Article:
23. P(A-a)O2 Increases • Oxygen diffusion disorders • Decreased V/Q ratios • Right-to-left cardiac shunting • Age

  24. Note: The P(A-a)O2 Loses sensitivity in patients breathing high FIO2

  25. Oxygen Saturation– and Content–Based Indices

  26. Oxygen Saturation– and Content–Based Indices • CaO2 = (Hb × 1.34 × SaO2) + (PaO2 × 0.003) • CvO2 = (Hb × 1.34 × SvO2) + (PvO2 × 0.003) • CcO2 = (Hb × 1.34) + (PAO2 × 0.003)

  27. Most Common Oxygen Saturation–and Content–Based Indices • Total oxygen delivery • Arterial-venous oxygen content difference • Oxygen consumption • Oxygen extraction ratio • Mixed venous oxygen saturation • Pulmonary shunting

  28. Total Oxygen DeliveryDO2 = QT × (CaO2 × 10) The total oxygen delivery is the amount of oxygen delivered to the peripheral tissue cells.

  29. Total Oxygen Delivery DO2 = QT × (CaO2 × 10) (Cont’d) For example, if a patient has a cardiac output of 4 L/min and a CaO2 of 15 vol%, the DO2 is 600 mL of oxygen per minute—as calculated on the next slide:

  30. Total Oxygen Delivery DO2 = QT × (CaO2 × 10) = 4 L/min × (15 vol% × 10) = 600 mL O2 per minute Normally, about 1000 mL/min

  31. Total Oxygen Delivery (Cont’d) Decreases: • Low PaO2 • Low SaO2 • Low Hb • Low cardiac output

  32. Total Oxygen Delivery (Cont’d) Increases: • Increased PaO2 • Increased SaO2 • Increased Hb • Increased cardiac output

  33. Arterial-Venous Oxygen Content DifferenceC(a-v)O2 = CaO2 − CvO2 The arterial-venous oxygen content difference (C[a-v]O2) is the difference between the CaO2 and the CvO2—that is, CaO2 − CvO2.

  34. Arterial-Venous Oxygen Content DifferenceC(a-v)O2 = CaO2 − CvO2 (Cont’d) For example, if a patient’s CaO2 is 15 vol% and the CvO2 is 8 vol%, the C(a-v)O2 is 7 vol%—as calculated on the next slide:

  35. Arterial-Venous Oxygen Content Difference C(a-v)O2 = CaO2 − CvO2 = 15 vol% − 8 vol% = 7 vol% Normally, 5 vol%

  36. Arterial-Venous Oxygen Content Difference (Cont’d) Increases: • Decreased cardiac output • Exercise • Seizures • Hyperthermia

  37. Arterial-Venous Oxygen Content Difference (Cont’d) Decreases: • Increased cardiac output • Skeletal relaxation • Peripheral shunting • Cyanide • Hypothermia

  38. Oxygen ConsumptionVO2 = QT [C(a-v)O2] × 10 Oxygen (VO2) consumption is the amount of oxygen consumed by the peripheral tissue cells during a 1-minute period.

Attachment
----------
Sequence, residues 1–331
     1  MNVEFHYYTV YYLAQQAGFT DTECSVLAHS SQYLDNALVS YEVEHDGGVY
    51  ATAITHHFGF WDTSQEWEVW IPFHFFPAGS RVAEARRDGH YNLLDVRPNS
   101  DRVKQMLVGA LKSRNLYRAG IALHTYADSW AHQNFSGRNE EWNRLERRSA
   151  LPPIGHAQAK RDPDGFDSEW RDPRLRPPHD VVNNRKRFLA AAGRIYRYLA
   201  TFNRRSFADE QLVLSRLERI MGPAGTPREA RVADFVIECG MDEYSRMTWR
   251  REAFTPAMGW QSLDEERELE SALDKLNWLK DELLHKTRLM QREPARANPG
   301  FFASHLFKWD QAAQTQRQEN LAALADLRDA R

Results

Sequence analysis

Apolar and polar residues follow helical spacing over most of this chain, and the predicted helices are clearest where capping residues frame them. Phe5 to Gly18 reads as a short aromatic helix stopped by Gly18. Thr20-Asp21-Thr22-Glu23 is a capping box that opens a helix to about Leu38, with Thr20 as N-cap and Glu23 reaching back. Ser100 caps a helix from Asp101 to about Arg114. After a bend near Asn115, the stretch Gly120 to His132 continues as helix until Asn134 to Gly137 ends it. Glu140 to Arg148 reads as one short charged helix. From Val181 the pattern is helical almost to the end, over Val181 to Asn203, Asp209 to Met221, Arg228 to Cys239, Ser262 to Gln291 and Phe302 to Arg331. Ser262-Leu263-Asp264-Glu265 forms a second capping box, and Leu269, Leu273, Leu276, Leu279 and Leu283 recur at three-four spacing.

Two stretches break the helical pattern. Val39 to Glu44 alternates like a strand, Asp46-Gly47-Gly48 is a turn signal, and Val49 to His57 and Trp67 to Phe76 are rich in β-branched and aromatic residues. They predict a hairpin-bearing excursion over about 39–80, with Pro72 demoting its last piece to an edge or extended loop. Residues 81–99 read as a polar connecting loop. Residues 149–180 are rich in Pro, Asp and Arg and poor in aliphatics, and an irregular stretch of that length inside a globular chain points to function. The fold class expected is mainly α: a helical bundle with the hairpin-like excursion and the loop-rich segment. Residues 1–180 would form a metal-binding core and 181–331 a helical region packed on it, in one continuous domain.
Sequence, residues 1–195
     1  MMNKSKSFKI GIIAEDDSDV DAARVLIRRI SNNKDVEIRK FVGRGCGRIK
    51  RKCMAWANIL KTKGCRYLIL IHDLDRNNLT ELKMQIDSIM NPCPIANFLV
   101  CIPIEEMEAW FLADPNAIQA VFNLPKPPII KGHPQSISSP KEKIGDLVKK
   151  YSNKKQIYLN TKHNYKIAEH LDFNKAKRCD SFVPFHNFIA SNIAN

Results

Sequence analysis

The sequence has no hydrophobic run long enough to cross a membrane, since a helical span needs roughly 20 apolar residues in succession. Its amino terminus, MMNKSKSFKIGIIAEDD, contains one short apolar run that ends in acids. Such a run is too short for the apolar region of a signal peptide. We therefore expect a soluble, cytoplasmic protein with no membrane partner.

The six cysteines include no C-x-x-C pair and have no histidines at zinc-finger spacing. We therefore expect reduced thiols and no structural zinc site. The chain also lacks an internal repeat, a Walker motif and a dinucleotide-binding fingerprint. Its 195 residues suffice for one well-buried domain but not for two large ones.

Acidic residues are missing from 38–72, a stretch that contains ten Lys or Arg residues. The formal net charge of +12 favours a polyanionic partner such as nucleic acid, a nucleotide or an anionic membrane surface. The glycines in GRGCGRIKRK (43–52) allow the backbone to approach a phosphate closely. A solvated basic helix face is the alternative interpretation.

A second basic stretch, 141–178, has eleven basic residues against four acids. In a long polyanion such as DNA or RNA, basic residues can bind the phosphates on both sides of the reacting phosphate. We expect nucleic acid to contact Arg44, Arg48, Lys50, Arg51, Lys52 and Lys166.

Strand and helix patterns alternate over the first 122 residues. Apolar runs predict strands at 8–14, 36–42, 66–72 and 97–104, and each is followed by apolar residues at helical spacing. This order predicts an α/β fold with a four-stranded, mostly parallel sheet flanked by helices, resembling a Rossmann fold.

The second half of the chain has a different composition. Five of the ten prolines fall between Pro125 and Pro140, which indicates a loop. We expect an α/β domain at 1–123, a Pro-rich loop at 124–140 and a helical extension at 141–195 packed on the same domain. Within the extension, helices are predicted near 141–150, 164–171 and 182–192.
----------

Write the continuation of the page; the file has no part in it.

39. Oxygen ConsumptionVO2 = QT [C(a-v)O2] × 10 (Cont’d) For example, if a patient has a cardiac output of 4 L/min and a C(a-v)O2 of 6 vol%, the total amount of oxygen consumed by the tissue cells in 1 minute would be 240 mL—as calculated on the next slide:

  40. Oxygen Consumption VO2 = QT [C(a-v)O2] × 10 = 4 L/min × 6 vol% × 10 = 240 mL O2/min Normal is 250 mL O2/min

  41. Oxygen Consumption (Cont’d) Increases: • Seizures • Exercise • Hyperthermia • Body size

  42. Oxygen Consumption (Cont’d) Decreases: • Skeletal muscle relaxation • Peripheral shunting • Certain poisons (e.g., cyanide) • Hypothermia

  43. Oxygen Extraction RatioO2ER = CaO2 − CvO2 CaO2 The O2ER is the amount of oxygen consumed by the tissue cells divided by the total amount of oxygen delivered.

  44. Oxygen Extraction RatioO2ER = CaO2 − CvO2 CaO2 (Cont’d) For example, if a patient’s CaO2 is 15 vol% and the CvO2 is 10 vol%, the O2ER would be 33%—as calculated on the next slide:

  45. Oxygen Extraction Ratio O2ER = CaO2 − CvO2 CaO2 = 15 vol% − 10 vol% 15 vol% = 5 vol% 15 vol% = 0.33 Normal is 0.25%

  46. Oxygen Extraction Ratio (Cont’d) Increases: • Decreased cardiac output • Periods of increased O2 consumption • Exercise, seizures, hyperthermia • Anemia • Decreased arterial oxygenation • ↓ Hb, ↓ PaO2

  47. Oxygen Extraction Ratio (Cont’d) Decreases: • Increased cardiac output • Skeletal muscle relaxation • Peripheral shunting • Certain poisons (e.g., cyanide) • Hypothermia • Increased arterial oxygenation • ↑ Hb, ↑ PaO2

  48. Mixed Venous Oxygen Saturation SvO2 Signals changes in the: • C(a-v)O2 • VO2 • O2ER Normally about 75%

  49. Mixed Venous Oxygen Saturation SvO2 (Cont’d) Decreases: • Decreased cardiac output • Exercise • Seizures • Hyperthermia

  50. Mixed Venous Oxygen Saturation SvO2 (Cont’d) Increases: • Increased cardiac output • Skeletal muscle relaxation • Peripheral shunting • Certain poisons (e.g., cyanide) • Hypothermia